FARNET
Fisheries Areas Network

Union Européenne

  • Italy - 53 FLAGs - 85.4 M€

    15/12/2021
    - Fiches pays
    The 53 Italian FLAGs focus on the fisheries sector’s local production systems, promoting innovative fisheries products and processing, and supporting links with the agri-food sector.
  • Cyprus - 3 FLAGs - 6.6 M€

    15/12/2021
    - Fiches pays
    The focus of CLLD in Cyprus is on creating new sources of income and new jobs; developing sustainable aquaculture; capitalising on opportunities provided by the blue economy; capitalising on the natural assets of the fisheries areas to improve their attractiveness as sustainable tourist destinations; and protecting the marine environment and biodiversity.
  • Denmark - 10 FLAGs - 15,7 M€

    15/12/2021
    - Fiches pays
    The Danish FLAG areas represent approximately 23% of the country’s surface area and 11% of the population. In the current programming period, CLLD in Denmark focuses on promoting economic growth, social inclusion and job creation, with a focus on projects that support the marketing of fisheries products and the diversification of fisheries businesses.
  • Slovenia - 4 FLAGs - 7.7 M€

    15/12/2021
    - Fiches pays
    Slovenia has a coastline of only 46km along the northern Adriatic, between Italy and Croatia in the Gulf of Trieste. The 4 Slovenian FLAGs aim to strengthen connections between fishermen and other sectors in the community, as well as with the scientific community; increase the visibility of freshwater aquaculture and its integration among other sectors (e.g. tourism, culture, catering).
  • Spain - 41 FLAGs - 125.7 M€

    15/12/2021
    - Fiches pays
    Spain is home to the biggest fishing industry in Europe and has a long tradition of maritime activities such as fishing and aquaculture, but also fish processing, tourism and marine sports. The 41 Spanish FLAGs aim to tackle the issues of unemployment and aging populations in the fisheries sector; environmental issues; and reconciling the presence of other, growing economic sectors with fisheries.
  • Greece - 33 FLAGs - 70 M€

    15/12/2021
    - Fiches pays
    Fisheries and aquaculture have a strong socio-economic importance in Greek society. CLLD projects include activities to increase the added value of fisheries products; support for diversification; activities to enhance and capitalise on the environmental assets of fisheries areas; promoting social wellbeing and maritime cultural heritage in fisheries areas.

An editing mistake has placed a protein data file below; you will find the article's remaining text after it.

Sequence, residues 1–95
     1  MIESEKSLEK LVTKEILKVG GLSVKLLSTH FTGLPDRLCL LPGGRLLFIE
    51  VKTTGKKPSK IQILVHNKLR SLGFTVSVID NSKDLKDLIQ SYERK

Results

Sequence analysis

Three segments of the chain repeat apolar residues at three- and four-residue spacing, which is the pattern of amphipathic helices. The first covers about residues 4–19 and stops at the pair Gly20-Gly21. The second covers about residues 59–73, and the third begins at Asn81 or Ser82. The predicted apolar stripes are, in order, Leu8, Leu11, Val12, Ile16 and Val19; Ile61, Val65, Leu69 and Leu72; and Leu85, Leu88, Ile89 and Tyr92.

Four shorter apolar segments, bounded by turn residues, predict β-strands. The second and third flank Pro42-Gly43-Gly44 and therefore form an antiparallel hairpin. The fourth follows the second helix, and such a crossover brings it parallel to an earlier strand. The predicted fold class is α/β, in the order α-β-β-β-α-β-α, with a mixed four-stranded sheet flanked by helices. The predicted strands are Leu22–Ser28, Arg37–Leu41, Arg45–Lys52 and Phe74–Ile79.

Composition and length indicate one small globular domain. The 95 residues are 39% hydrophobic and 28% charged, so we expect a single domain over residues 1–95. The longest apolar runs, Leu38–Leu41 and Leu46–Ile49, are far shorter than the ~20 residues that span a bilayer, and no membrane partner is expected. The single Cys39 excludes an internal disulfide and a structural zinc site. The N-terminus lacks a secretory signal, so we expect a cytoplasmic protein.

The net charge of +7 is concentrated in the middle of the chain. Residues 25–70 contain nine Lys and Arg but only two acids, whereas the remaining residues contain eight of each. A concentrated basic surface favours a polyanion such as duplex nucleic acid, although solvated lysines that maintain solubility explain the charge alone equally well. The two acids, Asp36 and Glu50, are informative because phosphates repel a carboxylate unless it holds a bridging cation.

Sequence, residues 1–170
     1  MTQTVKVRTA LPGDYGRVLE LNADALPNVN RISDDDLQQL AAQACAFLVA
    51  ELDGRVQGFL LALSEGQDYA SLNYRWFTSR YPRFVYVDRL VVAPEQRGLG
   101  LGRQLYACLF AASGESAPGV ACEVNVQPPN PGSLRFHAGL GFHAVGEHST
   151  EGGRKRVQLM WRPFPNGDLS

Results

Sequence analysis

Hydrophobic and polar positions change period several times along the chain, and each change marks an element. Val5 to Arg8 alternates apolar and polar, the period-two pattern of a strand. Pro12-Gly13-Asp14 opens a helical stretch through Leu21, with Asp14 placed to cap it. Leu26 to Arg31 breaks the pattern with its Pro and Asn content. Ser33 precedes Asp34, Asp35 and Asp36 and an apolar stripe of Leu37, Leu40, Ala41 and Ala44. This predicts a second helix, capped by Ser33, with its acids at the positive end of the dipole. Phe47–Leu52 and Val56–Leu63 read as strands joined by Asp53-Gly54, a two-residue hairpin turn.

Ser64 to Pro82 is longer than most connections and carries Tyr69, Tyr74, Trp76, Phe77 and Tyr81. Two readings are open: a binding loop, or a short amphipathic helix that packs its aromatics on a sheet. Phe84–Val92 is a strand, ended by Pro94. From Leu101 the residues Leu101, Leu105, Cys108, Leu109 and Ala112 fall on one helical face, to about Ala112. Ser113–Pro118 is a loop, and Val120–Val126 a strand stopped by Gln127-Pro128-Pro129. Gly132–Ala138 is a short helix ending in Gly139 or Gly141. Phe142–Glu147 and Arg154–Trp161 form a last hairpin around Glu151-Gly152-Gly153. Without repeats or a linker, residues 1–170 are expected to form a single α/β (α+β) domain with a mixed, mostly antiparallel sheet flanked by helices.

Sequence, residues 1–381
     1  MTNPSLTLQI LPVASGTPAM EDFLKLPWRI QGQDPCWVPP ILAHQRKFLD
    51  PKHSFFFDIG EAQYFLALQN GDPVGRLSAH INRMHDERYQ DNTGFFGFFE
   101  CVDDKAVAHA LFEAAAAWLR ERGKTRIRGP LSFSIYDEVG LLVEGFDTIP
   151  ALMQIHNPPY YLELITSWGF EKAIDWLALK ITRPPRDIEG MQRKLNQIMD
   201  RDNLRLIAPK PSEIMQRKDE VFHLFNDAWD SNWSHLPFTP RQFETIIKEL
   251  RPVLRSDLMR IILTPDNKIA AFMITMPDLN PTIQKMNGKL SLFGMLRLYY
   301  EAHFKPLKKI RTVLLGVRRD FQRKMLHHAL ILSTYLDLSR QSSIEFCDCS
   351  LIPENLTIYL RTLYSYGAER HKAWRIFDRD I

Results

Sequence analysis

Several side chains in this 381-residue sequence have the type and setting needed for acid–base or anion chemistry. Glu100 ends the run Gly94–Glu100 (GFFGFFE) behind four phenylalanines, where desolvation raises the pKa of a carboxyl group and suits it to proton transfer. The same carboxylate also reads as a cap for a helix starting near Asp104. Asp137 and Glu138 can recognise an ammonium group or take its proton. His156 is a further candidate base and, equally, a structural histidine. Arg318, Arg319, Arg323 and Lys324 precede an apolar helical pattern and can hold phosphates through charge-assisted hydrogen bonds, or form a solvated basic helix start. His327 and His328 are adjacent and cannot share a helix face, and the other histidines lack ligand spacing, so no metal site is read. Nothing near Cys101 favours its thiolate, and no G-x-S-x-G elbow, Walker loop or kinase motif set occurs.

• Romania - 22 FLAGs - 49,9 M€

    15/12/2021
    - Fiches pays
    Romanian fishing activities mostly take place in lakes and ponds, rivers and marine waters from the Black Sea. The 22 Romanian FLAGs promote economic diversification and new forms of income that can help revitalise their communities.
  • Sweden - 13 FLAGs - 14.6 M€

    15/12/2021
    - Fiches pays
    The key goals that CLLD has to pursue in Sweden’s fisheries areas are increasing the competitiveness of small and medium-sized enterprises; protecting the environment (especially the Baltic Sea) and promoting the sustainable use of resources; and also promoting employment and diversification of fishermen and fisheries actors.
  • Ireland - 7 FLAGs - 12 M€

    15/12/2021
    - Fiches pays
    Ireland is surrounded by some of the most productive waters in the EU. The seven Irish FLAGs aim to promote marine and eco-tourism by taking advantage of the local biodiversity and protected habitats. Additionally, they look to leverage synergies with national/local tourism initiatives and boost the business potential of the small-scale coastal fishing vessels.
  • Portugal - 15 FLAGs - 38.5 M€

    15/12/2021
    - Fiches pays
    Portugal has 15 FLAGs, 12 of them in coastal areas of continental Portugal and three on the Azores archipelago, situated in the Atlantic Ocean. The main challenges that CLLD addresses are low educational level of fishermen; decreased attractiveness of fisheries for young people; declining competitiveness of the fishing industry; and conflicting demands in the coastal areas.